Disclosure: I worked for the Lamont campaign doing web design and production and some writing for the official blog (from 9/5/06 to 11/07/06).

Friday, August 18, 2006


NYT on GOP Joe

Tomorrow's Times takes an in-depth look at the Republican party's apparently final decision to abandon Alan Schlesinger (Foxwoods-CT) for Joe Lieberman (R-CT).

According to the article, some in the national Republican leadership looked into recruiting a replacement in the days immediately following Ned Lamont's victory, with the three contested House races figuring prominently in their deliberations:

Initially, in the days after Mr. Lamont’s victory, Republican officials had feelers out for a stronger Republican candidate than Mr. Schlesinger, according to strategists with close ties to the party and the White House.

One strategist said the fear was that a hard-fought race between Mr. Lamont and Mr. Lieberman would spur Democratic turnout, which in turn, he said, could harm vulnerable Republicans in the state, like Representatives Christopher Shays and Rob Simmons.

While Republicans were always pessimistic about finding a replacement who could win the Senate race outright — Connecticut is a largely Democratic state — the hope had been to find someone who could excite Republican voters enough to offset a feared surge of Democratic votes in November.

But in the days since the primary, concerns about a Democratic surge have subsided; Mr. Lieberman appears to be creating enthusiasm, even only among Republicans, helped in part by the lack of institutional fervor for his Republican rival.

(An obvious typo by Kornblut... my edits in bold.)

So it's pretty much spelled out here. Once Rove et. al. were convinced that the Lieberman Party would turn out Republicans for the House races and not Democrats, they called off any institutional support for Schlesinger and any search for a possible replacement. (Could that primary-day phone call from Rove have had anything to do with this?)

And every single move Joe has made since has seen this coordinated Republican-Lieberman strategy borne out - from bashing Democrats on national security, to accepting the support of Swift-Boat-type groups, to refraining from any attack on Republicans whatsoever, to hiring a partisan Republican pollster who works for Rep. Simmons (R), one of the precious few targets of Democrats in their attempt to take back the House.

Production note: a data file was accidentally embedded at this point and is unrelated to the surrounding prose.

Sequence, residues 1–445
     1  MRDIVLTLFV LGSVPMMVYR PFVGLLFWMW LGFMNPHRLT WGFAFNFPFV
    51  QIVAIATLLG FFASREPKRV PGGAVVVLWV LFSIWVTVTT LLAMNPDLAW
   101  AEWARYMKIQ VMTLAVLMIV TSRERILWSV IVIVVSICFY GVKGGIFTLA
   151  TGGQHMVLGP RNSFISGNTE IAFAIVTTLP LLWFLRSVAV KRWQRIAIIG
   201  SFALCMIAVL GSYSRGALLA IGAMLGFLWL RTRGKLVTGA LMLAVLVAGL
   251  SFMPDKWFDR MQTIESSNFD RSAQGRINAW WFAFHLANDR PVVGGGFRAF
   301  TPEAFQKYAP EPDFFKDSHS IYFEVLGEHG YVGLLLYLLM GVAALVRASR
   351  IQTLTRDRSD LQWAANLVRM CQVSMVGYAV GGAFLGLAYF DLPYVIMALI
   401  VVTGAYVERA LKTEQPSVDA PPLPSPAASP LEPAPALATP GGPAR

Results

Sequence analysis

Strategically, helping Republicans hold on to the House is now the raison d'être of Lieberman's candidacy.

But ideologically, his candidacy is all about dulling the effect of Iraq on the GOP, as Lieberman campaign contributor Bill Kristol so clearly reveals in the article:

“For me, it’s an uncomplicated decision,” said William Kristol, the editor of The Weekly Standard and a neoconservative who is helping Mr. Lieberman through an independent group called Vets for Freedom, which is helping to raise funds and providing strategic advice for the senator.

“Partisan Republicans may be ambivalent; they see a partisan advantage to Lamont,” he said. But, he said, “Foreign policy hawks and Bush doctrine believers and prowar types, we want Lieberman to win.”

Bush doctrine believers want Lieberman to win. Can't get much more straightforward than that.

After all, so does Bush himself.
Another way to look at the spin is to ask why not support Schlesinger nominally? It would give the appearance of Republican party unity. Not supporting him is something of a sign of weakness.

Maybe Lieberman's internals don't look that good. Probably Simmons', Shays' and Johnson's numbers look even worse. Add a Schlesinger presence and the numbers look even more shaky. In other words clear the field to let Lieberman make a hail mary in the hopes he has coattails.

If the internals showed comfortable leads, they wouldn't be this worried.

They smell losses.

The kicker is probably that if Rove figures he can hold the three house seats, he probably doesn't care if Lieberman loses. Lieberman is just a tool. Lieberman is the kitchen sink. He's just there to make a splash. If he ends up on the bottom who cares...
This gets back to the whole "firing his staff" ruse Lieberman used after the primary loss. Doubtless there would have been changes but just as likely many disaffected Democrats could no longer countenance working for the de facto Republican candidate. And make no mistake about it, all Joe's polling, all his prior work in getting Democrats out to vote is now with GOP pollsters and strategists. And all that information will now be used to against Democrats in November. One wonders if the DiNardo's, the Schumer's are doing anything behind the scenes to stop this or whether they're completely impotent.
Something tells me we're not done with the "staff firing" story.
Lieberman thinks he can afford to burn bridges so he's torched everything behind him.
However, he's on a pier, not a bridge.
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